Numerical simulation of phytoplankton transport in turbulent flows by means of kinematic and LES models
Doctorat Doctorat complet, Doctorat co-tutelle, Programme Doctoral
Terre & Univers
EA (en cours d'enregistrement) Unité de Mécanique de Lille
Institution d'accueil
Université de Lille
Ecole doctorale
Sciences pour l'ingénieur (SPI) - ED 72


Reaction transport systems emerge in many areas of research and applications. While the dynamics of reacting species have been widely studied in homogeneous media, their understanding in heterogeneous environments, relevant for ecological problems, is still limited. In this project we propose to elucidate, by means of numerical simulations of Advection-Reaction-Diffusion (ARD) systems, the complex interplay between environmental heterogeneity (due to resource limitations) and transport by a fluid flow, which controls the appearance of phytoplankton blooms in aquatic environments. The focus is on the role of spatially structured flows and turbulent mixing on growth, persistence and distribution of algal populations. To investigate these issues, turbulent flows arising from Navier-Stokes based Large-Eddy-Simulations (LES) or kinematic models will be considered. This approach is expected to allow access to the details at different scales of the interacting mechanisms that determine phytoplankton dynamics. Due to the wide range of spatial and temporal scales involved, this represents a highly challenging task and it constitutes the main original aspect of the project. Analysing temporal behaviours of the adopted models it will be possible to explore the mechanisms controlling the onset of conditions acting as precursors of algal blooms. This study is expected to provide insights on how to better account for the complexity of fluid motions, with respect to the population dynamics models typically used in fundamental and applied studies at scales larger than the spatial (turbulent) structures of the flow. Results will be useful to establish new constraints for improving food web models in marine ecology. Ameliorating the possibility to predict and control phytoplankton blooms also has major societal impacts, as for the management of the anthropogenically induced eutrophication (enhanced algal growth due to excess nutrients) of freshwater and coastal marine ecosystems.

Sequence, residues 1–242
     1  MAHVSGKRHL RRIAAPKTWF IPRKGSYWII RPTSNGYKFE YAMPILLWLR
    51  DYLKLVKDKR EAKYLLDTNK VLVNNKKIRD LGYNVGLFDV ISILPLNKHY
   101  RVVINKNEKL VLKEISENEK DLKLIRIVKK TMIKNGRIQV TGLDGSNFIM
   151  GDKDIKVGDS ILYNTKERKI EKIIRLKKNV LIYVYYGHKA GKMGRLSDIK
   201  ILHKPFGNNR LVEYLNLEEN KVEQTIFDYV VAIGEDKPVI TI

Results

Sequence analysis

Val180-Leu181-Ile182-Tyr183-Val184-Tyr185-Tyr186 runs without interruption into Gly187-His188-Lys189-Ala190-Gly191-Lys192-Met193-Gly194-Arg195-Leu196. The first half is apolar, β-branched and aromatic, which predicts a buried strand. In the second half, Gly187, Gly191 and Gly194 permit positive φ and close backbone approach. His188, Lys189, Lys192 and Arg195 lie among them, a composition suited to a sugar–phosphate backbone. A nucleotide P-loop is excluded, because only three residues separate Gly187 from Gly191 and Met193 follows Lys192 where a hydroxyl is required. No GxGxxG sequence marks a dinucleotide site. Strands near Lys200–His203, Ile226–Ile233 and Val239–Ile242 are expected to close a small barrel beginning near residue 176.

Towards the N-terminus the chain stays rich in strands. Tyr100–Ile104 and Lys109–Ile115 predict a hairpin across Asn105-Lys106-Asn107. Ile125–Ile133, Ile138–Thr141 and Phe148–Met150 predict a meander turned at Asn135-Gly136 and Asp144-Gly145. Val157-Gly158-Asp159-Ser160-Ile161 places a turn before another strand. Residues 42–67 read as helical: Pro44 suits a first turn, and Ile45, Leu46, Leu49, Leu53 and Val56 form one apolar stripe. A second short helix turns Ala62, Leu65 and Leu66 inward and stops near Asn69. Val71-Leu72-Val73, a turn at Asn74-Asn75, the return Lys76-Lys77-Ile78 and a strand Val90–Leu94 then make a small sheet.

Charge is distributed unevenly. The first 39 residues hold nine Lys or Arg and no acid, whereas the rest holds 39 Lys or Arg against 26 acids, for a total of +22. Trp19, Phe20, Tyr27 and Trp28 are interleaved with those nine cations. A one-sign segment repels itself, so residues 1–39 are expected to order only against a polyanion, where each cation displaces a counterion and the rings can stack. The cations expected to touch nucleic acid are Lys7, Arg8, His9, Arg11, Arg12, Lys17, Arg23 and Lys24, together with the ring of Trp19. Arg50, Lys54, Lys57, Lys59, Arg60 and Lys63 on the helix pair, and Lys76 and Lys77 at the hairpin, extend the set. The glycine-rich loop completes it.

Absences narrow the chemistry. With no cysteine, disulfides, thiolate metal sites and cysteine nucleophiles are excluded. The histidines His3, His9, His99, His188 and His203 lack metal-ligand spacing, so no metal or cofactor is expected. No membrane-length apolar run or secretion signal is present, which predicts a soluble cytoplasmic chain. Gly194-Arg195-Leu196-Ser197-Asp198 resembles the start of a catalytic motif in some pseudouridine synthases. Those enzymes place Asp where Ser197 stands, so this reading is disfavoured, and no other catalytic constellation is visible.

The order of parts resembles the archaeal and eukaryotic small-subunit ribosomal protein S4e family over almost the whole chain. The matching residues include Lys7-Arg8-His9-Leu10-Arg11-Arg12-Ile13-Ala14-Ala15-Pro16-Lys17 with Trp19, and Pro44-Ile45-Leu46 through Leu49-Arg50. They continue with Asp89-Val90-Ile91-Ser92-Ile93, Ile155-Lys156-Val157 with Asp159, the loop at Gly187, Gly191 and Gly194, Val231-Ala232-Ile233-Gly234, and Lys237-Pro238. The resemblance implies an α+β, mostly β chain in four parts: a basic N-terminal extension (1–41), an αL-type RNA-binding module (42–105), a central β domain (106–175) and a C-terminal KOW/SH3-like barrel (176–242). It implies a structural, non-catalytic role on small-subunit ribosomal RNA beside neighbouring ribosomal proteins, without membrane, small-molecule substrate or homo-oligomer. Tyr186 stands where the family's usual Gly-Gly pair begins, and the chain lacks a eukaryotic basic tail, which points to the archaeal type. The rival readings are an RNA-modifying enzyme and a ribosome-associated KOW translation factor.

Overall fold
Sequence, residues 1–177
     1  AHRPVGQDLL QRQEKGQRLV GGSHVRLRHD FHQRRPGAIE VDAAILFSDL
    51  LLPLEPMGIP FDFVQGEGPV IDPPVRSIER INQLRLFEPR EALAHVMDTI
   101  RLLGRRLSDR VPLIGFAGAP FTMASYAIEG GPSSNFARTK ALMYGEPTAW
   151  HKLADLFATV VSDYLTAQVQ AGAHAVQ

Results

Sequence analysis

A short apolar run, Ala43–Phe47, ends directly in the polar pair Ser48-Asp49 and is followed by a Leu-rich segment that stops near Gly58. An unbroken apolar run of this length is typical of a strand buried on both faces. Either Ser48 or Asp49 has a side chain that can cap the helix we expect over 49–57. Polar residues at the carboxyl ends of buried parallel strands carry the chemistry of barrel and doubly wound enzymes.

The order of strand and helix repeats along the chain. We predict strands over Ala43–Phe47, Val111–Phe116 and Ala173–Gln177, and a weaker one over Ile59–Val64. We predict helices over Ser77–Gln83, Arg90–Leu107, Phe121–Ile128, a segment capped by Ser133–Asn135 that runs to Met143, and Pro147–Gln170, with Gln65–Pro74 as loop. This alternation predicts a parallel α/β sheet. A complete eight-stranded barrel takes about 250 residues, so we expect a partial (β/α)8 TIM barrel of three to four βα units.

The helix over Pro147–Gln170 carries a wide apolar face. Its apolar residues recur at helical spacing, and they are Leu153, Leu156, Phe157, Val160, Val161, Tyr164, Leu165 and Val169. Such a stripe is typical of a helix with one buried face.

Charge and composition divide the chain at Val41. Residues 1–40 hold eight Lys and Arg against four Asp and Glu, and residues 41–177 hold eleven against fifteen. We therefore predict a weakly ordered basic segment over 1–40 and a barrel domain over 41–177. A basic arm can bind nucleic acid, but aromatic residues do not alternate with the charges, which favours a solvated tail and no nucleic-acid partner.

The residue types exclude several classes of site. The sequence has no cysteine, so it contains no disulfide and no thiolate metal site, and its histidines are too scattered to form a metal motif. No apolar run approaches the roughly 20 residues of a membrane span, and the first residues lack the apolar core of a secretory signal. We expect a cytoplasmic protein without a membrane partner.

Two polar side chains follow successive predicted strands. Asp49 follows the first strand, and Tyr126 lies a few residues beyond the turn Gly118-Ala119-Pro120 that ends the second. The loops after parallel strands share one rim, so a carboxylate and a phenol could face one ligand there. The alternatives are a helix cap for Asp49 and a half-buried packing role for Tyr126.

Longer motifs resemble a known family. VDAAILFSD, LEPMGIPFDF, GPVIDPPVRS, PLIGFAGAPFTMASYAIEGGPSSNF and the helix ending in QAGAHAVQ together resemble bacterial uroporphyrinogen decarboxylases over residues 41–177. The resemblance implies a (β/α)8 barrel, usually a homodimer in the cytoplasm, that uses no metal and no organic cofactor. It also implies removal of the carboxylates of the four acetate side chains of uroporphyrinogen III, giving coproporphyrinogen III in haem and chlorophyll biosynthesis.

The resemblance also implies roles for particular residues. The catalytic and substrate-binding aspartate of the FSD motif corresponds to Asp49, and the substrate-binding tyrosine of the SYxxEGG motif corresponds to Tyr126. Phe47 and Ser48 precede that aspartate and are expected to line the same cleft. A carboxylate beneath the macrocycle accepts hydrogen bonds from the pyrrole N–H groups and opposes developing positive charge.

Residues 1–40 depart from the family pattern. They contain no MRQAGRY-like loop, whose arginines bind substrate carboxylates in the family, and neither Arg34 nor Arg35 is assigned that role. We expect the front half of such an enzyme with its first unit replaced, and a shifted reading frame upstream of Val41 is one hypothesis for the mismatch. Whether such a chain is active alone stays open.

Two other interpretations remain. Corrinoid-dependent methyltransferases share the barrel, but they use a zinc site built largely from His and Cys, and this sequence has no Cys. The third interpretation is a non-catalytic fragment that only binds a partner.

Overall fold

Context and Motivation